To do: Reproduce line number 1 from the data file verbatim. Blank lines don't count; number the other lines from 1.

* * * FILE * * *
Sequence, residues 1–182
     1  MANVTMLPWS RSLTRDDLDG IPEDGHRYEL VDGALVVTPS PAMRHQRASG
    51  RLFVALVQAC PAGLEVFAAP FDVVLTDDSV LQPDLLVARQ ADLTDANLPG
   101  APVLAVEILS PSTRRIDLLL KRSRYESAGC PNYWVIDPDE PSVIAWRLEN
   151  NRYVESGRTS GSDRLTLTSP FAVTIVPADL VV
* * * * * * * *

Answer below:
Sequence, residues 1–182